Saturday, 5 April 2014

Sri Lanka! Southern Coast

Sri Lanka!!



We have arrived!
Curious and...tipsy... ( i have become a nervous flyer, so wine really helps take the edge off!)

Having no idea what to expect, we arrived in the Colombo airport which was actually not in Colombo.. It was a hour away.
So we hopped into a taxi and headed to Mt.Lavina. We caught up on sleep and walked around the quiet neighbourhoods and busy main drag.

When I say busy .. I mean.. Loud, crazy, hectic, scary, ...

There are old rickety buses clipping along the highway, honking at pretty much everything, and tuk tuks zipping in and out of traffic and too honking at everything. (Or sitting on the side of the road, each asking us "do you want tuk tuk.".."no thank you, if we said no to the first 10 tuk tuk drivers, what makes you think we"ll change our mind and want a ride?)..
Lol.. Ok.. So maybe I let the noise and heat get to me and got a little cranky..but seriously there are over "5 hundred thousand tuk tuks in Sri Lanka "-amazing race stat

Along with buses, tuk tuks, and vehicles, we can always hear the train..
Transport by train is most popular in Sri Lanka and as we go inland we will be taking one of "worlds nicest train ride"..didja know.. Half of the trains here were once used by Canada, and were then donated to Sri Lanka in the 60's. (Now you can understand how old and run down these trains are)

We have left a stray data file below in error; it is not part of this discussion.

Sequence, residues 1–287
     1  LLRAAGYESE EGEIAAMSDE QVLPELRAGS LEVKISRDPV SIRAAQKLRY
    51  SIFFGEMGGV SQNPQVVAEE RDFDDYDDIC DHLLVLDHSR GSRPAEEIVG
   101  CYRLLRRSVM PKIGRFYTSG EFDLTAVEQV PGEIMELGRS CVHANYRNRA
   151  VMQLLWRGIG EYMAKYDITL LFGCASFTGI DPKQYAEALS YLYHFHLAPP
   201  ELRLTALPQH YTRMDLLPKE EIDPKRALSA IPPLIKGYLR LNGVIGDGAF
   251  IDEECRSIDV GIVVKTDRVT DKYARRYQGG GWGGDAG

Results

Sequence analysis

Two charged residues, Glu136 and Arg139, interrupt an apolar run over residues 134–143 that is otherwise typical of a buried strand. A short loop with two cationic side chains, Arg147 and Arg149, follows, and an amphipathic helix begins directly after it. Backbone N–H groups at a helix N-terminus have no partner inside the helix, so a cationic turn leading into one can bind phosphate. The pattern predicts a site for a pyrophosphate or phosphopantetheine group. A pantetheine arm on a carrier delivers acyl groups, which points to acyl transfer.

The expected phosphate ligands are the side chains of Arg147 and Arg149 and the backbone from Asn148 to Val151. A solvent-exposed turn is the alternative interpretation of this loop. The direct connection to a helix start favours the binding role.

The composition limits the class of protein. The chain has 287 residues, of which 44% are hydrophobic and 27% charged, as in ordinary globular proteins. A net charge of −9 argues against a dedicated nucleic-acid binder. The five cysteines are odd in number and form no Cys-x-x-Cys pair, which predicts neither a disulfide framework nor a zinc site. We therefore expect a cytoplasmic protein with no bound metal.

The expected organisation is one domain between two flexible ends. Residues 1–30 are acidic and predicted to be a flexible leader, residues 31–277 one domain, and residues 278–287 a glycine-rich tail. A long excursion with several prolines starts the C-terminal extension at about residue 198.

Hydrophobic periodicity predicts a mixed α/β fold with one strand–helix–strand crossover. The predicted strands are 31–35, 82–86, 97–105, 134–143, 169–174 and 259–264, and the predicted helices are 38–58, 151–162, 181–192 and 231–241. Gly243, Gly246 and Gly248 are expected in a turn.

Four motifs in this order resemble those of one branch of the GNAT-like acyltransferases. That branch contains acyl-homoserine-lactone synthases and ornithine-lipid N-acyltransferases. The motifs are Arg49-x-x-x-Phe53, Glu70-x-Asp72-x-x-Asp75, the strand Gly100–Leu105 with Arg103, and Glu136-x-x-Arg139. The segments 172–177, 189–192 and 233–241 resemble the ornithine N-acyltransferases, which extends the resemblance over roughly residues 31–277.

A second class ticket (a fan, open air, and possibly a seat) is about 100 rupiahs each..$1 Canadian dollar to ride the train for a couple hours.. Cheap!

Our first train ride was an adventure. Ashton was able to ask around and get us tickets heading in the right direction. Once on the train, we noticed many more white people and many "business looking Sri Lankan men on their way to work" .anyways we walked through a couple cars until we found a seat, which were facing backwards with a small open window. There were three rickety old fans in our car, but one broke down so we watched a man stick his pen into the fan repeatedly trying to get it going.. No luck.. The train tracks were alongside the coast, so we could see ocean on one side, and
villages on the other side.

Finally, a man began asking us where we were going. He told us we were the next stop. Stops usually lasted a few minutes as people came on and got off, but when our stop came, it felt like seconds..Ashton was struggling to get our big bags off the overhead rack, while German tourists were rushing onto the train and were very rammy, pushing through the isle trying to find seats. They blocked the isle making it even more difficult for Ashton to get the bags down. Well I was ahead and made my way off the train and onto the platform. I was already talking with a man who was trying to tell us where to stay. Within seconds I heard the train whistle and realized Ashton wasn't on the platform!, hhhooolllyyy coowwww!,
I hopped back on the train and there Ashton was rushing with our bags. The train was rolling ever so slowly and we could have hopped off together, but now two men were shouting at us "you can't get off now, it's forbidden!" ... Ggrr!, "next stop is in half hour"..
So we sat back down fuming. The next stop we already had our bags sitting by the door and were ready to push our way off the train. We hopped off and bought another train ride back to our original
destination. After 20 minutes, we were headed back. Then overpaid a tuk tuk to take us to our "guest house" .